This essayby Pat Hoffie, published in Art Monthly Australia, March 1991 to coincide with Arthur Wicks' exhibition at the Art Gallery of NSW titled "Machina Persona" February-March 1991. Other critical reviews for the same exhibition by Elwyn Lynn (the Australian), Christopher Allen (Sydney Morning Herald), descriptive material by Wendy Symonds (AGNSW magazine "Look").

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The  last  time  I  saw  Arthur  Wicks - 
a regional allegory



Arthur Wicks is one of those people one keeps running into - like many regionally based artists he appears to forage on the move and ruminate in private - in his case, in Wagga Wagga.

When I first met Arthur he was wearing a suit but had clotted his entire head in mud. My memory of the exchange is somewhat fractured; it took place in one of the rear entrances to a shopping mall in Fremantle in 1987. I can remember the stench from the sheep ships docked at the nearby wharves reeking of ammonia -soaked lanoline from the multi-storey tiers of Arabia-bound animals, and I can remember Arthur's microphone screaming abu­sive questions at passers-by. The whole thing was thoroughly offensive. Later, I was informed that the offence was inten­tional, and that it was one of Arthur's performance pieces for ARX.

The next time I saw Arthur he was taking his clothes off in a disused freezer room in an abandoned Coles supermarket. The freezer room had a glass door, and a group of people had assembled to watch. The illuminated room was sealed off, but the small assembly listened to a take of Arthur's voice relating his experience alone in the landscape outside Perth, while they watched Arthur being slowly, gently and completely anointed with ochre by an Aboriginal man. I remember feeling simultaneously voyeuristic and oddly moved. Images of Arthur kept cropping up: I remember a naked Arthur spreadeagled in a human-size niche in the San Andreas fault; and I remember images of a man ­suited - rowing a boat along the tram tracks of Swanston Street in Melbourne.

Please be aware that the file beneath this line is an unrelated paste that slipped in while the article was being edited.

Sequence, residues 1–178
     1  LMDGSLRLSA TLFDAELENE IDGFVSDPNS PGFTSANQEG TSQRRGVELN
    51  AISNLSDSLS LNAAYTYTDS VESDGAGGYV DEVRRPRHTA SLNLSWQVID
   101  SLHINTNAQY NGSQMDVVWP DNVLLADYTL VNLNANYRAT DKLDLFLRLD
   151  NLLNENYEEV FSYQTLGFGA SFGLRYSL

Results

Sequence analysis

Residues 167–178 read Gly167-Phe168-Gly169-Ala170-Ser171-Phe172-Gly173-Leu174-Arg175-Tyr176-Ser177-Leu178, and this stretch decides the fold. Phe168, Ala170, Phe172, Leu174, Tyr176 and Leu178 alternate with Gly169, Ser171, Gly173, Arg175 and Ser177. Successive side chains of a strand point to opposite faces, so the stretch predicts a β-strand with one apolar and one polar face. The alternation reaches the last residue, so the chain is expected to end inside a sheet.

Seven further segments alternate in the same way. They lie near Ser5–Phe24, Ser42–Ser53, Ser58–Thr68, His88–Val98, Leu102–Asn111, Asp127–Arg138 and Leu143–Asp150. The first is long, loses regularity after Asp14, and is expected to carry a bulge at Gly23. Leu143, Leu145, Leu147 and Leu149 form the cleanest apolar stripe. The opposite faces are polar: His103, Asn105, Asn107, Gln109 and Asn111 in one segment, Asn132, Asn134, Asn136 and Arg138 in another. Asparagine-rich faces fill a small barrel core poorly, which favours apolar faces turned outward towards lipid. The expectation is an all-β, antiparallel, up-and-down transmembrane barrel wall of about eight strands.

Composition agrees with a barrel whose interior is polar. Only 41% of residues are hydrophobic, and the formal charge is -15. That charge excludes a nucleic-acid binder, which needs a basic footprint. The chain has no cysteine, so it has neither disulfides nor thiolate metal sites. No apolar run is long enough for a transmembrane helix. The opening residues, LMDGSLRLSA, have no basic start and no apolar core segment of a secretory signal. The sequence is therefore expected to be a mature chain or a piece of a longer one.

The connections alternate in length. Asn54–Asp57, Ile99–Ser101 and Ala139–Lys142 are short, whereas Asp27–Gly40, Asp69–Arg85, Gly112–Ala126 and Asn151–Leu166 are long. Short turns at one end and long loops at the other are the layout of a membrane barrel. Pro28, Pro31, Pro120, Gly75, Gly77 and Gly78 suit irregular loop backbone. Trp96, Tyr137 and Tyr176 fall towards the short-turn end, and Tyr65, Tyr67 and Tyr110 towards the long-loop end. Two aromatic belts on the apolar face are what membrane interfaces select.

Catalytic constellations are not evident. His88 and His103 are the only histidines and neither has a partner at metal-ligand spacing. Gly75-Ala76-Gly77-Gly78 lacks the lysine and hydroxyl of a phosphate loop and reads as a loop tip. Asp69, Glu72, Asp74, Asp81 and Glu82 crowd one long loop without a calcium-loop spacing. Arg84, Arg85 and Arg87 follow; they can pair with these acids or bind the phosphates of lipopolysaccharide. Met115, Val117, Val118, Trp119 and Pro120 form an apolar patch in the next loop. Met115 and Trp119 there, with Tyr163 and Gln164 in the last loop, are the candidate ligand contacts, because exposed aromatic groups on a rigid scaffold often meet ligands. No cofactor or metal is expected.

Recently I ran into Arthur in the shop­ping mall outside the Perc Tucker Re­gional Gallery in Townsville. The weather was unseasonably warm, even for the North, and assorted locals sat in clusters along the footpath waiting for the mango ­wind to cool things down and knock the early blossoms from the trees. As if from nowhere, Arthur appeared pushing a pram containing a baby. Arthur was looking very tropical and lightly tanned, and the baby, who was very pale and new, was looking quite pleased with himself in the early-evening north Queensland light, but the incredible unceasing screech of the crickets in the copse of trees immediately outside Perc Tucker made it impossible to speak. 

Inside, Arthur related to story of his return journey North, and his imminent exhibition titled ‘Proposals' at Perc Tucker. As he described the series of small-scale art works, hybrids between painting and sculp­ture, which he had planned, the air-condi­tioning in Perc Tucker began to make the formerly sweating baby uncomfortably cool. As Arthur removed him from the pram and experimented with a variety of elements, so that scenic vistas, driftwood, children's toys, primitive mechanics, elec­trical circuitry and paint are brought to­gether to form an intriguing new com­pound'. The common source for much of the 'Proposals' exhibition was the format of the 1V set, but one tuned, as George Hirst points out, 'to a channel ordinary TV's just don't receive'.

At the time of my chance meeting with Arthur, Perc Tucker was featuring an exhibition by Margaret Wilson called 'The North'. The upstairs gallery was filled by her huge, colour-saturated, broody can­vases and the more lyrical sheeny graphite of her drawings.